The Law on Prevention of Domestic Violence includes references to a comprehensive mechanism to oversee the implementation of the law, laying out the responsibilities of the courts, police, local authorities, healthcare providers, crisis centres, and social care providers.[24]  The Advocates for Human Rights note that some police officers have received special training to deal with domestic violence cases.[25]

It appears that in practice, the law is not effectively implemented.  During her visit to Kazakhstan, the Organization for Security and Cooperation in Europe (OSCE) Special Representative on Gender Issues heard from women’s rights activists that few of the crisis centres established under the law actually accept women who have suffered domestic violence.[26]  In addition, according to the official Convention on the Elimination of all forms of Discrimination against Women (CEDAW) report, in many cases of domestic violence, couples ‘reconcile’ and the complaint is withdrawn,[27]indicating that victims of domestic violence may not be receiving the support they need to proceed with prosecution.  In particular, very few cases are brought under criminal law, as prosecutors appear to prefer to impose administrative penalties.[28]  

The official CEDAW report notes that women often seek to conceal the fact that they have experienced domestic violence.[29]  Research on early marriage by United Nations Population Fund (UNFPA) found that rates of domestic violence within such marriages were very high (with married girls being beaten by parents-in-law as well as by husbands), but that child spouses did not report the abuse because they do not know where to turn to for help.[30]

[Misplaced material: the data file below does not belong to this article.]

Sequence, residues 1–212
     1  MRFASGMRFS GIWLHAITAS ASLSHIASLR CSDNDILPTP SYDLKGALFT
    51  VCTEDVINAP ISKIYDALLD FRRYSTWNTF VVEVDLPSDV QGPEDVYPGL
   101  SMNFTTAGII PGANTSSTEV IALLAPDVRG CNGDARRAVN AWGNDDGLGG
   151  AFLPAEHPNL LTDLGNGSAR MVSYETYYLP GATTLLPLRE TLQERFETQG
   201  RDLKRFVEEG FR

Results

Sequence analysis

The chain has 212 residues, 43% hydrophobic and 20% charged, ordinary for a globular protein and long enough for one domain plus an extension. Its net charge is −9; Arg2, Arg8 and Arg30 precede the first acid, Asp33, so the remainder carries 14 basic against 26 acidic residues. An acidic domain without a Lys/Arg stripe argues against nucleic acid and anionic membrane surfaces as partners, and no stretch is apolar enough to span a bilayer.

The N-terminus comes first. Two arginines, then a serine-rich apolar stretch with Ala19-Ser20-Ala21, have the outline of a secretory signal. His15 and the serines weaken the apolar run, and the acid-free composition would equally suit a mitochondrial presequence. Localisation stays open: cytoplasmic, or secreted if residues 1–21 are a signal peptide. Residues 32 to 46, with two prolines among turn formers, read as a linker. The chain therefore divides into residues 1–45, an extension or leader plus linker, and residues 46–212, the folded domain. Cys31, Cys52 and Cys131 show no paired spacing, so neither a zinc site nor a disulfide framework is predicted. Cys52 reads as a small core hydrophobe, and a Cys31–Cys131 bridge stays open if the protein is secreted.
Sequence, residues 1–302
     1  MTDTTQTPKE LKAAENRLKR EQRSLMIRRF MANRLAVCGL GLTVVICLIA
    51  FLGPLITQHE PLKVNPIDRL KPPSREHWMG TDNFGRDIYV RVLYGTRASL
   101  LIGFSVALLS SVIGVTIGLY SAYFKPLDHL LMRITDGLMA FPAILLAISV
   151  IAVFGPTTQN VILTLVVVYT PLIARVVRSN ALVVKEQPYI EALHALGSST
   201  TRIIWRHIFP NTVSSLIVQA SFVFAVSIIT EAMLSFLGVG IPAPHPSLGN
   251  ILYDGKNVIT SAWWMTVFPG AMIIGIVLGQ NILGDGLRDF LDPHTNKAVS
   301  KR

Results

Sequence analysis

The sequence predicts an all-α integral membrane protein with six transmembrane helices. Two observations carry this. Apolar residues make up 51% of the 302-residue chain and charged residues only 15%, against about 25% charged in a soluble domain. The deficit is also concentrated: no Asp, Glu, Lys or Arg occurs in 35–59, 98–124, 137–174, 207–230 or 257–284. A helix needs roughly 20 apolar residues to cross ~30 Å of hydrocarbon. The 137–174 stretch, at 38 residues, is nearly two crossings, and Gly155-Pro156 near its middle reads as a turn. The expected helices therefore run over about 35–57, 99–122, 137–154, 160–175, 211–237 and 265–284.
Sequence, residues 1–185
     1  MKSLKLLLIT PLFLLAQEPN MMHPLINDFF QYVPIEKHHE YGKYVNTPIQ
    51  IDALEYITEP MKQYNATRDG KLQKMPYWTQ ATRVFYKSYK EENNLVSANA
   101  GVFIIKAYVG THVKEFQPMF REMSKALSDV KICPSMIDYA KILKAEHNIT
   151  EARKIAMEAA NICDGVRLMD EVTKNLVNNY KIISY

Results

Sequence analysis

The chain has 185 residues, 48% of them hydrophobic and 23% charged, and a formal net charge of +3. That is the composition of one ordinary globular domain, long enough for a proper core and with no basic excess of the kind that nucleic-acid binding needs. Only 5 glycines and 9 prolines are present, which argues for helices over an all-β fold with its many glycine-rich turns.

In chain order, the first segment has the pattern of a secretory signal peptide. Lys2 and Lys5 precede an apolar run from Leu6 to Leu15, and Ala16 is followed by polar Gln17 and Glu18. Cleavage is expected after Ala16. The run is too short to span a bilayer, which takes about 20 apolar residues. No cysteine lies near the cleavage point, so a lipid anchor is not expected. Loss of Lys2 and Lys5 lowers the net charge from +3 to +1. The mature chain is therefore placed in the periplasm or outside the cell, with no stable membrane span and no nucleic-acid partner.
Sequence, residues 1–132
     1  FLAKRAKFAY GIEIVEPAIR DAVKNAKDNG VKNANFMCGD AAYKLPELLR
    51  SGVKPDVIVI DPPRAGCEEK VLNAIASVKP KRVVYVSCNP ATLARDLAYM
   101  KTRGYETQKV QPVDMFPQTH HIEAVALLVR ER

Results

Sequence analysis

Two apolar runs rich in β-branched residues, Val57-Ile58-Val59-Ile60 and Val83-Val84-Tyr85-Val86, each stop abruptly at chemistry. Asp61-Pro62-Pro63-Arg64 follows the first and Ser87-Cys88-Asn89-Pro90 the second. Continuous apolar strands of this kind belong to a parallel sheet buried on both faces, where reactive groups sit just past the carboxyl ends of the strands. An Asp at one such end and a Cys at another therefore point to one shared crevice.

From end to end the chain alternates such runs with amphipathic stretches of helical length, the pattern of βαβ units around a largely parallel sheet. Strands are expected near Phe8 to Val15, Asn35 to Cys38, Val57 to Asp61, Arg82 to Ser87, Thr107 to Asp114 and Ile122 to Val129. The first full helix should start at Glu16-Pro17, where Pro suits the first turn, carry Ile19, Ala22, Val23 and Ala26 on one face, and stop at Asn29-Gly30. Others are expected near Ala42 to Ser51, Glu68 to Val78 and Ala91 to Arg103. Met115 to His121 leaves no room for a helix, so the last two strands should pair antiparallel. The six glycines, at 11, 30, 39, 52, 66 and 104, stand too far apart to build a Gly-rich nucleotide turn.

Since the adoption of the Law on Prevention of Domestic Violence in 2009, 26,000 restraining orders have been issued in cases of domestic violence, and 20,000 people have been placed in administrative detention, pending the granting of a restraining order, or following the violation of a restraining order.[31]

Research by UNFPA found that when violence is reported to police, police are reluctant to get involved, and perpetrators are rarely punished.[32]  The US Department of State notes that police will usually only intervene if the abuse is life threatening, and sometimes try and dissuade women from pursuing complaints.[33]

Rape is a criminal offence in Kazakhstan.[34]  Criminal investigations can only proceed if the victim registers a complaint; however, once she has done so, that complaint cannot be withdrawn.  This is designed to ensure that a woman cannot be intimated into withdrawing the complaint.[35]